A 35-year-old male presented to the radiology department for placement of a gastric feeding tube, with a request for anesthesia support. The patient had HIV/AIDS and active mpox (formerly “monkeypox”) infection, with multiple ulcerative lesions of the oral mucosa that made it painful to eat and drink. The anesthesia team met the patient for the first time in the radiology unit. Concern for airway patency led to a plan for controlled general anesthesia, with intubation via video laryngoscopy. Anesthesia was induced with propofol, and the patient received 30 mg of rocuronium to facilitate intubation, with ongoing mask ventilation.
Placement of the video laryngoscope blade resulted in immediate oral bleeding, with sloughing of mucous membranes in the upper airway. Oral suctioning exacerbated the problem, and further attempts to place the laryngoscope blade resulted in tissue disruption and inability to discern normal anatomy. Placement of a supraglottic airway was unsuccessful, with no chest expansion or end-tidal CO2. The airway was removed, a nasal trumpet was placed, and the clinicians continued with difficult, two-handed mask ventilation. Front-of-neck airway access was obtained by the surgical team, with arterial oxygen saturation sustained above 90%. Placement of the gastric feeding tube proceeded under radiographic guidance without further instrumentation of the oropharynx.
Health care practice has advanced rapidly in recent decades. Today's 30-year veteran anesthesiologists were residents in an era when almost every anesthetic was in the main OR suite, on a hospital inpatient (Saudi J Anaesth 2022;16:440-3). Few of the anesthetic medications of 1990 are still in common use today. Emergency surgery for bleeding ulcers was common, along with open cholecystectomies and aortic aneurysm resections; hip and knee replacements were complex procedures performed at only a handful of academic hospitals. AIDS was a new phenomenon and uniformly fatal in that era, and AIDS patients seldom presented to the OR.
While medical progress has virtually eradicated some surgical conditions, such as bleeding ulcers, these gains have been reinvested in caring for sicker patients with ever more complex conditions – placement of ventricular assist devices, for example, or complex bariatric surgery. And, of course, nature has provided new challenges along the way; COVID, obviously, which every anesthesiologist had to learn about, and now mpox. As with AIDS patients, those with mpox do not commonly require anesthesia. Yet as the case report illustrates, modern anesthesia practice reaches beyond the traditional OR suite, and a situation like the one presented illustrates the need to remain current with new threats.
Mpox is a close relative of smallpox, and patients who have been vaccinated against smallpox have partial protection against infection (Anaesth Crit Care Pain Med 2022;41:101122). Mpox is spread through sex or direct contact with bodily fluids. Despite early concern, mpox is much less infectious than COVID. Mpox infection is characterized by mild viral symptoms, followed by development of a pustular rash, especially on the face and extremities. Oral lesions are found in more than half of cases. Typical disease progression occurs over days to weeks as the skin lesions crust over and eventually heal; patients may be viremic for up to three weeks. Most cases are relatively mild – if uncomfortable – but in an immunocompromised patient such as the one described, the lesions can become overwhelming. This patient had been unable to eat for several days.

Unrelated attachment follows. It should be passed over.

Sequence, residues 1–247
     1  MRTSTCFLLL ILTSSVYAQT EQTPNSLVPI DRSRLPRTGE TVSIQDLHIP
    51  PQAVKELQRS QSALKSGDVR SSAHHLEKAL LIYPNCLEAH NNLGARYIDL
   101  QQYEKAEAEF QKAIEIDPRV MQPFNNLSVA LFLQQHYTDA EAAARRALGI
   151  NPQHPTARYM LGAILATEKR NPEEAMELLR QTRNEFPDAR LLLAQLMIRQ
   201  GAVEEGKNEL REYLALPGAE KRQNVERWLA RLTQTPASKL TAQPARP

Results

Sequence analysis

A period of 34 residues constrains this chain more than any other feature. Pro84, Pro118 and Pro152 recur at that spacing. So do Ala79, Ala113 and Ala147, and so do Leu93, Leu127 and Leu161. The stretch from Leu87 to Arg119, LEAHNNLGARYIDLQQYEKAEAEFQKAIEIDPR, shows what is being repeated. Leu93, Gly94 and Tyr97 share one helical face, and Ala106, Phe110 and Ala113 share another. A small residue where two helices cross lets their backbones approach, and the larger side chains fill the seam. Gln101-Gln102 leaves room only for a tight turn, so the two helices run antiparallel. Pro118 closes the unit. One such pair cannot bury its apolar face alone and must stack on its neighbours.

The health care team, including the anesthesiologist, recognized that the oral lesions could pose a difficulty; the patient was in the radiology suite because an endoscopic approach to gastrostomy placement had already been ruled out. The anesthesia team was consulted late in the process but performed an appropriate preoperative assessment (World J Clin Cases 2022;10:9348-53). They chose to proceed with a general anesthetic and direct control of the airway rather than attempt sedation.
The scientific literature offers little on the anesthesia risks of mpox, mostly focusing on appropriate precautions against viral contamination of the health care team. One recent review article extrapolates from experience with pemphigus disease in providing guidance for airway management (see Table).
The anesthesia team was surprised by how friable the patient's oral lesions were and was taken aback by the rapid deterioration of intubating conditions in the face of bleeding, secretions, and shed tissue. The team did well to follow the recently updated ASA Practice Guidelines for Management of the Difficult Airway, although in retrospect they might have preferred to minimize airway manipulations and skip the attempt at a supraglottic airway. It is at least reassuring that front-of-neck airway access was anatomically possible and physiologically successful.
In addition to saving the patient's life, the reporting anesthesiologist is commended for reporting the case to AIRS to encourage broader recognition of this emerging challenge. Most anesthesiologists would not have predicted this kind of difficulty with airway management. We hope this article will provide a warning for others. As a wise attending once told an eager but inexperienced intern: “Never be the only person to know something, especially if it's bad news.”
Each month, the AQI-AIRS Steering Committee abstracts a patient history submitted to AIRS and authors a discussion of the safety and human factors challenges involved. Absence of commentary should not be construed as agreement with the clinical decisions described. Reader feedback can be sent to firstname.lastname@example.org. Report incidents or download the AIRS mobile app at www.aqiairs.org.
This entry was written by Richard P. Dutton, MD, MBA, FASA, on behalf of the AIRS Committee.